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Marketing and Competitive performance: An Empirical Study

Doyle, Peter, Wong, Veronica (1998) Marketing and Competitive performance: An Empirical Study. European Journal of Marketing, 32 (5/6). pp. 514-535. ISSN 0309-0566. (doi:10.1108/03090569810216145) (The full text of this publication is not currently available from this repository. You may be able to access a copy if URLs are provided)

The full text of this publication is not currently available from this repository. You may be able to access a copy if URLs are provided. (Contact us about this Publication)
Official URL
http://dx.doi.org/10.1108/03090569810216145

Abstract

Hypothesises that high performance companies have a defined mission which includes specification of their target markets and broad goals. Competitive advantage is founded on customer satisfaction, which in turn is built on a market-led strategy, effective systems and committed and empowered staff. All these building blocks are influenced by a changing and increasingly competitive international environment. Influential government reports on industrial competitiveness have ignored the contribution of marketing. This is partly because academics themselves have not shown the link between marketing effectiveness and business performance. Explores the contribution of marketing within a broader model of the determinants of competitiveness using an empirical study.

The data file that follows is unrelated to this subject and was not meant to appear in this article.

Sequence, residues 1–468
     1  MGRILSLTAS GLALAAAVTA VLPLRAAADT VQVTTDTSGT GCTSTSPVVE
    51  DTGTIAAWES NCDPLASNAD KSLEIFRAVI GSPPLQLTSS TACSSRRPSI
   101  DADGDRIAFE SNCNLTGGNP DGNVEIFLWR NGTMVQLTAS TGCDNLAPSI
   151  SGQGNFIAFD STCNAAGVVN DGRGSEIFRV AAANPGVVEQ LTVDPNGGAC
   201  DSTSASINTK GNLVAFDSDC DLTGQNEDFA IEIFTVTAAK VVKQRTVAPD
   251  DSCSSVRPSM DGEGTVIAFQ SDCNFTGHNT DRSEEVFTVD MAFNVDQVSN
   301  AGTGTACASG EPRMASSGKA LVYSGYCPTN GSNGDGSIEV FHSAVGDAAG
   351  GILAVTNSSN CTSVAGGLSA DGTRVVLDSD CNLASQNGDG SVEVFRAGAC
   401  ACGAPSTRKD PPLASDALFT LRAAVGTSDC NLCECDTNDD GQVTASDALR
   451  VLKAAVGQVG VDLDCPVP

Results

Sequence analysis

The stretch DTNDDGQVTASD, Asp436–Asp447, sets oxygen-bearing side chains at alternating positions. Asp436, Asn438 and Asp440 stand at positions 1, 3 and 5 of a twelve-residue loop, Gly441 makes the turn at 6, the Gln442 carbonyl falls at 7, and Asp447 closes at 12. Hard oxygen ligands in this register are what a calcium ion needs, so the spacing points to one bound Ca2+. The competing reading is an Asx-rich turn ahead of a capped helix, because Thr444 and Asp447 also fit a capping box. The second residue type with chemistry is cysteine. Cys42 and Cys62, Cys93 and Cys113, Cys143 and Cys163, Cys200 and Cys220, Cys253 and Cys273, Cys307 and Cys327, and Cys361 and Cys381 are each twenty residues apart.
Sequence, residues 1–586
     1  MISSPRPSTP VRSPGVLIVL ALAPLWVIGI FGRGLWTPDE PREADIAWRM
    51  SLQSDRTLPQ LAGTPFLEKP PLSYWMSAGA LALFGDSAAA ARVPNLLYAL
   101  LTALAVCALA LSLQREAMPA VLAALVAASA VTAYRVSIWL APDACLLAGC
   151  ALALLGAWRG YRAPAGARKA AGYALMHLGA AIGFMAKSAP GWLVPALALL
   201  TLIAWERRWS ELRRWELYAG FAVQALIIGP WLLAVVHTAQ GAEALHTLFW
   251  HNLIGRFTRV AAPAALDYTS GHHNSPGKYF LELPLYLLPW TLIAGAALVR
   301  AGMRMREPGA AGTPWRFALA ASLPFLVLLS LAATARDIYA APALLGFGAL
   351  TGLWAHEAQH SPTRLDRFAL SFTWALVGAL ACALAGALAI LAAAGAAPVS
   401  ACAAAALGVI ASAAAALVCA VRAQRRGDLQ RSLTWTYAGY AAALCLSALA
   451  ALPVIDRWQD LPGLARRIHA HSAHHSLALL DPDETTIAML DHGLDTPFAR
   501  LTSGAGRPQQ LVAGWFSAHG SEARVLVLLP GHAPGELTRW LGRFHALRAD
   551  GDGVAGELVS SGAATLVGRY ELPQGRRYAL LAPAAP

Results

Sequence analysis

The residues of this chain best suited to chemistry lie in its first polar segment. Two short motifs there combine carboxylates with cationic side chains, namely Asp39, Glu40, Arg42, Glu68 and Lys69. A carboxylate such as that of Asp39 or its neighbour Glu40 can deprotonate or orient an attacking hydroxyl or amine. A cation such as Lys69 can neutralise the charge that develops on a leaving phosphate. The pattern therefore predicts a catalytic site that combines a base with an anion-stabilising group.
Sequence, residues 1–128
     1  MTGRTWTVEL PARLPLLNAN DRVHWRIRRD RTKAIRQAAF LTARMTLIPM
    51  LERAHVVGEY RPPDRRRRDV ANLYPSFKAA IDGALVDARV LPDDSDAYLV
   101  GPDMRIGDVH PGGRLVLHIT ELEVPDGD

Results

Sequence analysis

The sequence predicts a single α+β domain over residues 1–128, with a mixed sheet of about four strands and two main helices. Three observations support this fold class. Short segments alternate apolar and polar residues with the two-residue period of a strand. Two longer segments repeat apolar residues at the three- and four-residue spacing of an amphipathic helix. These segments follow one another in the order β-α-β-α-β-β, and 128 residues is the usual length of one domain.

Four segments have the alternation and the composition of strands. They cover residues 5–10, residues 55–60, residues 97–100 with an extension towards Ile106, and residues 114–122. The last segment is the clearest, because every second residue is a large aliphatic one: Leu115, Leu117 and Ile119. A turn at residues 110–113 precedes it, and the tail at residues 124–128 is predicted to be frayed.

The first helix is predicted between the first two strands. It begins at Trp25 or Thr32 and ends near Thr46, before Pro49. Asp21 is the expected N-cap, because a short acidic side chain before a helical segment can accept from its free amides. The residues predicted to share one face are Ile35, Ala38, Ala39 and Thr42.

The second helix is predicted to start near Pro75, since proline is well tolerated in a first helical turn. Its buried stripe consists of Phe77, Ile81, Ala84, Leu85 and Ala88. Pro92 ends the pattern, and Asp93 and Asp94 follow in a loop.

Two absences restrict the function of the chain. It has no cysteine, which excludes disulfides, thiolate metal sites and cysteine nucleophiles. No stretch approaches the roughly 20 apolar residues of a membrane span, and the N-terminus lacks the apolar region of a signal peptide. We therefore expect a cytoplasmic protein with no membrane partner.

Item Type: Article
DOI/Identification number: 10.1108/03090569810216145
Uncontrolled keywords: Competitive advantage, Customer satisfaction, Market orientation, Marketing strategy, Organizational performance
Subjects: H Social Sciences > H Social Sciences (General)
Divisions: Faculties > Social Sciences > Kent Business School > Marketing
Depositing User: Cathy Norman
Date Deposited: 11 Jan 2013 11:59 UTC
Last Modified: 29 May 2019 09:55 UTC
Resource URI: https://kar.kent.ac.uk/id/eprint/32890 (The current URI for this page, for reference purposes)
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